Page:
On the morning of Wednesday, 7 June, a number of World Traders visited the Kumu Art Museum in Tallinn to observe and absorb the country’s art and culture.
This excellent museum opened in 2006, with the aim of preserving and interpreting Estonian art from the 18th century to the present day – which it’s greatly succeeded in doing.
While there wasn’t time to go round all the Museum (though we would gladly have spent a whole day there…), the group of members headed to the two permanent exhibitions held on the third and fourth floors, showing Baltic German artistic heritage from the 18th and 19th centuries, and an overview of Estonian national art from the first half of the 20th century.
The mood darkened considerably as we moved to the fourth floor and looked at Soviet Estonian art and the art of the 1990s. Here there were many pictures of workers (Soviet style), soldiers and weapons.
Most chilling of all was this framed quote from Jaan Jenson, written after the beginning of the Soviet occupation:
“During the 3.5 years since the liberation of the Estonian Soviet socialist Republic from the German invaders, our homeland has made significant progress… The unique era we live in, the decisive battle that is taking place between the communist new and the reactionary, capitalist old, requires each progressive minded writer, each intellectual, to depict this ongoing battle, and support it. Whatever activity an intellectual of a socialist country is involved in, whether it is a work of literature, a painting, a sculpture, a stage setting or an architectural design, whether it is the monograph of a scientist or the work of a teacher in moulding the younger generation in the classroom, he or she must bear in mind the historical struggle, the breath of the newly born communist era.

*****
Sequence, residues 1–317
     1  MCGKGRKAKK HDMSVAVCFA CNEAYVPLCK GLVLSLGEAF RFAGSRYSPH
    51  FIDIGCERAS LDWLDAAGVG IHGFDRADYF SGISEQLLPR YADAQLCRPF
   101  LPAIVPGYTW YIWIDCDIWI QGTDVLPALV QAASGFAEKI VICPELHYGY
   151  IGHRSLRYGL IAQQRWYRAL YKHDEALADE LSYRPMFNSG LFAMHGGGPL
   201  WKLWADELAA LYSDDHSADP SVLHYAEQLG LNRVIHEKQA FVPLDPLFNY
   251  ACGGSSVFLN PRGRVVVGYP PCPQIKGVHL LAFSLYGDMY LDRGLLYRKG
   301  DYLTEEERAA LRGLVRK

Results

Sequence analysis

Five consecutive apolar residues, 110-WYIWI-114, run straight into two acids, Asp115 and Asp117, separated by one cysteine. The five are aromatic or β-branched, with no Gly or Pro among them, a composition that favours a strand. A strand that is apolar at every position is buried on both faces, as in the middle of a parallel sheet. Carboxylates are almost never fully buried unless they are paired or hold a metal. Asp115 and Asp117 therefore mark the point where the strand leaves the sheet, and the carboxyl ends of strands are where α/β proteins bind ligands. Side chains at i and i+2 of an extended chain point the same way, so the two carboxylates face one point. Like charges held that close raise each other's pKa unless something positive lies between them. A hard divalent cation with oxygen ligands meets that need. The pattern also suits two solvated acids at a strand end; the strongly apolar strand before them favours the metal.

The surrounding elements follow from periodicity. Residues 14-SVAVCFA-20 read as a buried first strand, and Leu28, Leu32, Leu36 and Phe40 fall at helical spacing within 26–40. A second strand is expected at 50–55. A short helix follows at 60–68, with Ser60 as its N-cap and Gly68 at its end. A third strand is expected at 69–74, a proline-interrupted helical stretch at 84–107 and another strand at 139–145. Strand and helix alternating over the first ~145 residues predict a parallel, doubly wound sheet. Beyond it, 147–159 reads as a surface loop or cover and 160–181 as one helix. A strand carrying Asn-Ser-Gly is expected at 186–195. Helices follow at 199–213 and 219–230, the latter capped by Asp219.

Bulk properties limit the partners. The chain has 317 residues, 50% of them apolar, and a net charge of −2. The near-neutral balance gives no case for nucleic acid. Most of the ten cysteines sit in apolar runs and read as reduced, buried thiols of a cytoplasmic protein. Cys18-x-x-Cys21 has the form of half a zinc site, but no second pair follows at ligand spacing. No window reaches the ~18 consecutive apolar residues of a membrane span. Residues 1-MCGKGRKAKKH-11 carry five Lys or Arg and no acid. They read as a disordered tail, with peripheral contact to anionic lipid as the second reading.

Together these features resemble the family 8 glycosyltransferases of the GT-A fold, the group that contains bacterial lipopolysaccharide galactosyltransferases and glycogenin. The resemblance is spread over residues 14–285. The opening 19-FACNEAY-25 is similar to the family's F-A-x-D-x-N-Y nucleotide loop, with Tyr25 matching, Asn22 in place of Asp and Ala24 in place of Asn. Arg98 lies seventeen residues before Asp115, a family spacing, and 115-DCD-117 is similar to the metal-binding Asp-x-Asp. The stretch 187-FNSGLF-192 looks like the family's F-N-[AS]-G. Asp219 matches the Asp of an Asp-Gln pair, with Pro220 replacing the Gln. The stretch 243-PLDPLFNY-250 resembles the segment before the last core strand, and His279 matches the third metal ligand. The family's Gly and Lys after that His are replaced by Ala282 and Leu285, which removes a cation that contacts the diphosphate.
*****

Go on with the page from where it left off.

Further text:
“I believe the time has come for every soviet intellectual to ask: have I done everything in my power to contribute maximally to this gigantic struggle between the old and the new, or am I still lacking? Any intellectual who, after years of work, is still doubtful or undecided, risks being left behind while the people push on: he or she risks turning into progress-hindering ballast, and the fate of ballast is clear: it is cast aside as an obstructive factor.”
The final question we found ourselves asking as we left was: are we in danger, in today’s culture, of once again casting aside ideas that don’t serve a certain way of thinking?
In 2008, the Museum received the European Museum of the Year Award.